Three-dimensional embedding of crowd patterns obtained using multi-dimensional scaling. Each point corresponds to a global feature vector of crowd pattern of a video frame. Every point is encoded by colour so that points with higher crowd density are red and points with fewer people are blue.
Regression-based techniques have shown promising results for people counting in crowded scenes. However, most existing techniques require expensive and laborious data annotation for model training. In this study, we propose to address this problem from three perspectives: (1) Instead of exhaustively annotating every single frame, the most informative frames are selected for annotation automatically and actively. (2) Rather than learning from only labelled data, the abundant unlabelled data are exploited. (3) Labelled data from other scenes are employed to further alleviate the burden for data annotation. All three ideas are implemented in a unified active and semi-supervised regression framework with ability to perform transfer learning, by exploiting the underlying geometric structure of crowd patterns via manifold analysis. Extensive experiments validate the effectiveness of our approach.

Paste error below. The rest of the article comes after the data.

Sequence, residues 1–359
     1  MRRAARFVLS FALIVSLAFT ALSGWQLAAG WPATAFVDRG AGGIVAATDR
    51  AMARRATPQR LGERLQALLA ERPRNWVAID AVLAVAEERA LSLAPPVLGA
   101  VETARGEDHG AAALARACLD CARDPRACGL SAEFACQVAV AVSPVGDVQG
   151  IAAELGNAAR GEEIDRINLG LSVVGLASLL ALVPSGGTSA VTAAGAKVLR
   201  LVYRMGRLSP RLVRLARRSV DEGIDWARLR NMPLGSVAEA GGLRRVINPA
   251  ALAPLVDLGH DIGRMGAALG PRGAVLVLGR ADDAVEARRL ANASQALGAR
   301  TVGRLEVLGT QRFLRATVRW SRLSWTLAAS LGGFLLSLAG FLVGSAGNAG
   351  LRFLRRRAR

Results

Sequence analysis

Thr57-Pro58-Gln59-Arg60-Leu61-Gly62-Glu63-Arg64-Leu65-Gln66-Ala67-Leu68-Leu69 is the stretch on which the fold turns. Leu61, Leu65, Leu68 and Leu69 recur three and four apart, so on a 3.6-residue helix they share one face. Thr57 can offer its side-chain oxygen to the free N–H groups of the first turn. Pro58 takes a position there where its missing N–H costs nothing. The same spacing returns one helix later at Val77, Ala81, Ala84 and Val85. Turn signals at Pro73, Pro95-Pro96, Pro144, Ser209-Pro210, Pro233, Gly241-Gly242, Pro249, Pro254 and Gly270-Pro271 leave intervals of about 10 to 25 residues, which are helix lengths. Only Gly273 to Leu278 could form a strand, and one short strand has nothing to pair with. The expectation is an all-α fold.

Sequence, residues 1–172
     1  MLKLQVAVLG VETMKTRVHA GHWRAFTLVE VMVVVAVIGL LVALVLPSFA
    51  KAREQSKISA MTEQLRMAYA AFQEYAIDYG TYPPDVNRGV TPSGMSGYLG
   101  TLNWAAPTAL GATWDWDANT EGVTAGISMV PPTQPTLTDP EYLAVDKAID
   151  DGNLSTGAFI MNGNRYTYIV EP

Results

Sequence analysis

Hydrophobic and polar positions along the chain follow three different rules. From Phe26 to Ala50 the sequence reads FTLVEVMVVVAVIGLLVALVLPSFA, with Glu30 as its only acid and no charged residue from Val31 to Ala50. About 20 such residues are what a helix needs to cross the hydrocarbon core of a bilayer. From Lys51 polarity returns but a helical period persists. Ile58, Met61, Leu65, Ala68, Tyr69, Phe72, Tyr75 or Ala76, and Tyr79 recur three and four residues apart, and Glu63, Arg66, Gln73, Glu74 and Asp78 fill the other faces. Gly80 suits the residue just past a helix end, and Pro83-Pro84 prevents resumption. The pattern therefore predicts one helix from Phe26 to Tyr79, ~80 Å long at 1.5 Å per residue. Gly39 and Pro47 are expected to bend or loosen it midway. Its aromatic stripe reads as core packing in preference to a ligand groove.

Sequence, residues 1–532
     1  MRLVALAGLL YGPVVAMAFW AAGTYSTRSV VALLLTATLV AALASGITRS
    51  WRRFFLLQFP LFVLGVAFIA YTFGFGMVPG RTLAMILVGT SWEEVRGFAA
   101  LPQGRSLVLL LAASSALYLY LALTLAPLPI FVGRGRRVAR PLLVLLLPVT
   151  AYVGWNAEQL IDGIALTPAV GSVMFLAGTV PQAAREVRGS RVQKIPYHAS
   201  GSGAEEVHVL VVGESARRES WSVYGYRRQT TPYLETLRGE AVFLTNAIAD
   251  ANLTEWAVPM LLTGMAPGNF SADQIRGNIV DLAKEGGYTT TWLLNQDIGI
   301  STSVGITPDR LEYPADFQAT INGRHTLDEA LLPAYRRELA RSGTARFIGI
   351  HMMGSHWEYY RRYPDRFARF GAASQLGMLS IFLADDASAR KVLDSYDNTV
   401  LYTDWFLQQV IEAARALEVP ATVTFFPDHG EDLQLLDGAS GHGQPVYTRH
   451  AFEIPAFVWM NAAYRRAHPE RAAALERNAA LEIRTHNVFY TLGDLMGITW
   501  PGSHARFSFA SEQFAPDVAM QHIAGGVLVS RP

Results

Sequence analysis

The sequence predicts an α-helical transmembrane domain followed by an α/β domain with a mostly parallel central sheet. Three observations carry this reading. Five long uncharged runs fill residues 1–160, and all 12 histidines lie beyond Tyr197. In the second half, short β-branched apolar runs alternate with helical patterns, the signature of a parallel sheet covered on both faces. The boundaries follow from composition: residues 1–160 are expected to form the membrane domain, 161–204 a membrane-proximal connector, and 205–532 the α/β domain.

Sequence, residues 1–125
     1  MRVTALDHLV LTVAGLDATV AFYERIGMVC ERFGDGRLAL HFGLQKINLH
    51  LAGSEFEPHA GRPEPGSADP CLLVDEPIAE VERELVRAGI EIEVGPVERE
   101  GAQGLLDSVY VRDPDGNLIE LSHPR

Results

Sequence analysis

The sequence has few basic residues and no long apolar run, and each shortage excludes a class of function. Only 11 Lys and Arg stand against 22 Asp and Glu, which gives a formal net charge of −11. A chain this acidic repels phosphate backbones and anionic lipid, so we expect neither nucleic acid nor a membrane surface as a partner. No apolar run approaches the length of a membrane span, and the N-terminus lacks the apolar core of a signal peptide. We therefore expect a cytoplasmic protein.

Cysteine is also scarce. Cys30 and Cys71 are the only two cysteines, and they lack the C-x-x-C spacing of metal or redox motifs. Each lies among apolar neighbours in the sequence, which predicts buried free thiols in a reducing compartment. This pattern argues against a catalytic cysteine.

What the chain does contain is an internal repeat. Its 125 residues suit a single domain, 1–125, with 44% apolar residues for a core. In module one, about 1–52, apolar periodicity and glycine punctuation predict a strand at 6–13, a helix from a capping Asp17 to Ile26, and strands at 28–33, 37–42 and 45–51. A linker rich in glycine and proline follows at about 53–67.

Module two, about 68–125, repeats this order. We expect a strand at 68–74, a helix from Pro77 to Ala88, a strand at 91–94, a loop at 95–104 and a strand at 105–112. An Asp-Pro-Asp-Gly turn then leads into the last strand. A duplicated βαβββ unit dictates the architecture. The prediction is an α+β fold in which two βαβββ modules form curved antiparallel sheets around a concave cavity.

(a)-(b) Performing feature mapping using the corresponding points to align the feature range of ucsd and hallway datasets. (c) The embedding of the cross-domain manifold using the source data ucsd (red dots) and target data hallway (blue dots).
Adding more unlabelled data improved the counting performance in semi-supervised counting.
Count estimation performance using three different labelled data selection methods. The first row reports the average MSE whilst the second row shows the associated standard deviation plots. The 'm-landmark' is the proposed active selection method
A comparison of the actual counting performance between KRR (kenel ridge regression method without semi-supervised learning) and our full active semi-supervised regression method on the hallway dataset. Note that our method achieved 20% reduction in mean squared error with just 10% of labelled samples as compared to the KRR.
A dataset collected from a publicly accessible webcam for crowd counting and profiling research. Over 60,000 pedestrians were labelled in 2000 video frames.Details ...